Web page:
"These are the consequences of a cheap and simple form of 
     government, having a rural attorney for Sovereign and a city 
     attorney for Prime Minister. We have already said that if 
     such a terrible exposure of incapacity had happened in 
     England we should at the earliest moment possible have sent 
     the incapables about their business, and put ourselves in the 
     hands of better men...."

     "This Republic has been so often proposed to us as a model 
     for imitation that we should be unpardonable not to mark how 
     it works now, when for the first time it has some work to do. 
     We believe that if the English system of Parliamentary action 
     had existed in America, the war could not have occurred, but 
     we are quite sure that such Ministers would have long since 
     been changed[1358]."

In addition to a Conservative ringing the changes upon the failure of democracy, the open friends of the South dilated also upon the "gentlemanly" characteristics of Southern leaders and society. This was the frequent burden of articles in The Index in the early weeks of its publication. To this was soon added a picture of Northern democracy as composed of and controlled by the "immigrant element" which was the source of "the enormous increase of population in the last thirty years" from revolutionary areas in Europe. "Germans, Hungarians, Irish carried with them more than their strong arms, they imported also their theories of equality.... The revolutionary party which represents them is at this moment master in the States of the North, where it is indulging in all its customary licence[1359]." This fact, complained The Index, was not sufficiently brought out in the English press. Very different was the picture painted by Anthony Trollope after a tour of the Western states:

     "... this man has his romance, his high poetic feeling, and 
     above all his manly dignity. Visit him, and you will find him 
     without coat or waistcoat, unshorn, in ragged blue trousers 
     and old flannel shirt, too often bearing on his lantern jaws 
     the signs of ague and sickness; but he will stand upright 
     before you and speak to you with all the ease of a lettered 
     gentleman in his own library. All the odious incivility of 
     the republican servant has been banished. He is his own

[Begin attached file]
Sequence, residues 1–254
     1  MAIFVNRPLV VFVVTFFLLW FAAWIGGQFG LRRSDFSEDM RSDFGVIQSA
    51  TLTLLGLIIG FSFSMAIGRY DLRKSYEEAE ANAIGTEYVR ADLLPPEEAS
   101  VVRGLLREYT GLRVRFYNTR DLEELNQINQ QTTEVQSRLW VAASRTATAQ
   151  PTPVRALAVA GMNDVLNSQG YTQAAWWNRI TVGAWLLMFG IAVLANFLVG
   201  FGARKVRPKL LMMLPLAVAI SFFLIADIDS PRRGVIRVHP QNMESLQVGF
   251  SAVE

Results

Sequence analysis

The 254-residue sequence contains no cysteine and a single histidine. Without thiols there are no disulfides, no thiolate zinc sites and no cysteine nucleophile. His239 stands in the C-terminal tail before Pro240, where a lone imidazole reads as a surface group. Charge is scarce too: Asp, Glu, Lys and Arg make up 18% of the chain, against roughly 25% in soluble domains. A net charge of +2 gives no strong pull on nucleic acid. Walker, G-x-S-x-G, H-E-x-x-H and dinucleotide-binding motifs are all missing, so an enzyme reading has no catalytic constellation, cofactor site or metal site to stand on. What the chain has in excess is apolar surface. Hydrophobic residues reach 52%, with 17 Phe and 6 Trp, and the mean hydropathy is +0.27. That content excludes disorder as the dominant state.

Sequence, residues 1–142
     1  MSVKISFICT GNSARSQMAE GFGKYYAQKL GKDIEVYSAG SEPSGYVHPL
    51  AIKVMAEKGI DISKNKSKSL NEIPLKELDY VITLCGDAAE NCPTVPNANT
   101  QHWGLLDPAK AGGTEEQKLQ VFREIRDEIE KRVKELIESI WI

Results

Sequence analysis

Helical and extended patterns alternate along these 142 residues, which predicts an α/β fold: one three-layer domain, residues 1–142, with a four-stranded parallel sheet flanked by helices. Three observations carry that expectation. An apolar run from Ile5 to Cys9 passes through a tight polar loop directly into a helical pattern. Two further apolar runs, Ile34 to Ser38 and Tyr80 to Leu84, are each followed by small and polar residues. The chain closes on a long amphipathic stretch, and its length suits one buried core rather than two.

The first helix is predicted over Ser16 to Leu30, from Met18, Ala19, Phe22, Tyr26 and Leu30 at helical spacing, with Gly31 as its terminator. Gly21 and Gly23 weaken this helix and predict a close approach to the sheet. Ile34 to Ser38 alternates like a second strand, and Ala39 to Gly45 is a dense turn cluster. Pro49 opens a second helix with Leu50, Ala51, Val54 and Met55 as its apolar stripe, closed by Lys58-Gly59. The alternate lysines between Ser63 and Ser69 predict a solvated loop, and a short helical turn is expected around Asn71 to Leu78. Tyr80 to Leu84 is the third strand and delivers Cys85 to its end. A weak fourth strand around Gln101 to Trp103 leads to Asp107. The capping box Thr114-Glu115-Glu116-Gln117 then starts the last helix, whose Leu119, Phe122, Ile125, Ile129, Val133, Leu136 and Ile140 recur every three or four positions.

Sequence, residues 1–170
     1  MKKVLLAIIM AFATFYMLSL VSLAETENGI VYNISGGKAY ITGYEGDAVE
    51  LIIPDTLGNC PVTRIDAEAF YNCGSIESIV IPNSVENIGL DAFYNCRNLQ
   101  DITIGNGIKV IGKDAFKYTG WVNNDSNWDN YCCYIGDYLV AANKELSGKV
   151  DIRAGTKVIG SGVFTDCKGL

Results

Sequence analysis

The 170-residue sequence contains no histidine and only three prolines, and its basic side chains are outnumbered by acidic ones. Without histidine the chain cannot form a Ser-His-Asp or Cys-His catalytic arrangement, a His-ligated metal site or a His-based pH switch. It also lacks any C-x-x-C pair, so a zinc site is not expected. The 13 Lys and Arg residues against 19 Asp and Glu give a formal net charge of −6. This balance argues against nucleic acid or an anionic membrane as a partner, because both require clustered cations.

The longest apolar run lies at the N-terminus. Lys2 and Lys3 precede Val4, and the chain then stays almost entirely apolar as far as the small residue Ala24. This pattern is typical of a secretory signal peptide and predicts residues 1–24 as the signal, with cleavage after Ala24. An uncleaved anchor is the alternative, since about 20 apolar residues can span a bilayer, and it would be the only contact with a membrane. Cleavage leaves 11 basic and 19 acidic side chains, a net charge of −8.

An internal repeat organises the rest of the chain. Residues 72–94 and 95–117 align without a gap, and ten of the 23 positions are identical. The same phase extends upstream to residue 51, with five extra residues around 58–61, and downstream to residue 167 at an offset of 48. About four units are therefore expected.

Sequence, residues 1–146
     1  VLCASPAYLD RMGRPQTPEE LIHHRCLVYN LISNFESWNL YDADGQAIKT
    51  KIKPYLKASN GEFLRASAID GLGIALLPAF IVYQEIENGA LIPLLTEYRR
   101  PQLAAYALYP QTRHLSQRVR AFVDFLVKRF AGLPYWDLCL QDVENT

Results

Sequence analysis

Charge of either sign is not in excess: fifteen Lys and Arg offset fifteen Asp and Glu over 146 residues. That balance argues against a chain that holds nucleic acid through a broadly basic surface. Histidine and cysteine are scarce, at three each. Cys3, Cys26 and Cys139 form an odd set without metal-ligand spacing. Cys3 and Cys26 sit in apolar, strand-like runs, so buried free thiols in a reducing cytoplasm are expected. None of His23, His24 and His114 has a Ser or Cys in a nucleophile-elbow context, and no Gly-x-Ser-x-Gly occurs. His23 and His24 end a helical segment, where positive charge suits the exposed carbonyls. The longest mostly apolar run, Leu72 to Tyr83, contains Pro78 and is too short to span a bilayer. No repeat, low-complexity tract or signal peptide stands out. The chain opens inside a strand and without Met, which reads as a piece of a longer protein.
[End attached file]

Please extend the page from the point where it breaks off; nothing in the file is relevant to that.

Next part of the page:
master, standing on his own threshold, and finds no need to 
     assert his equality by rudeness. He is delighted to see you, 
     and bids you sit down on his battered bench, without dreaming 
     of any such apology as an English cotter offers to a Lady 
     Bountiful when she calls. He has worked out his independence, 
     and shows it in every easy movement of his body. He tells you 
     of it unconsciously in every tone of his voice. You will 
     always find in his cabin some newspaper, some book, some 
     token of advance in education. When he questions you about 
     the old country he astonishes you by the extent of his 
     knowledge. I defy you not to feel that he is superior to the 
     race from whence he has sprung in England or in Ireland."

       * * * * *

     "It is always the same story. With us there is no level of 
     society. Men stand on a long staircase, but the crowd 
     congregates near the bottom, and the lower steps are very 
     broad. In America men stand upon a common platform, but the 
     platform is raised above the ground, though it does not 
     approach in height the top of our staircase. If we take the 
     average altitude in the two countries, we shall find that the 
     American heads are the more elevated of the two[1360]."

A comparison of dates shows that the unanimity of conservative and aristocratic expression on the failure of American democracy and its lesson to England was most marked and most open at the moment when the Government was seriously considering an offer of mediation in the war. Meanwhile the emancipation proclamation of September, 1862, had appeared. It did not immediately affect governmental attitude, save adversely to the North, and it gave a handle for pro-Southern outcry on the score of a "servile war." Indeed, the radicals were at first depressed by it; but when months passed with no appearance of a servile war and when the second emancipation proclamation of January, 1863, further certified the moral purpose of the North, a great element of strength was added to the English advocates of democracy. The numerous "addresses" to Lincoln exhibited both a revived moral enthusiasm for the cause of anti-slavery and were frequently combined with a laudation of American political institutions. The great mass-meeting at Exeter Hall, January 29, 1863, was described by the correspondent of an American paper as largely deriving its strength from the universal dissatisfaction of the lower orders of the English people with their existing conditions under the Crown:

     "The descendants of the Roundhead commoners, chafing under 
     the limitations of the franchise, burdensome taxation, the 
     contempt with which they are regarded by the lords of the 
     soil, the grievous effects of the laws of entail and 
     primogeniture, whereby they are kept poor and rendered liable 
     to starvation and pauperism - these have looked to America as 
     the model democracy which proves the poor man's capacity for 
     self-government." The meeting was called for seven o'clock 
     but at half after five the hall was filled, and at six 
     crowded. A second hall was filled and outdoor meetings of two 
     thousand people organized in Exeter Street. "All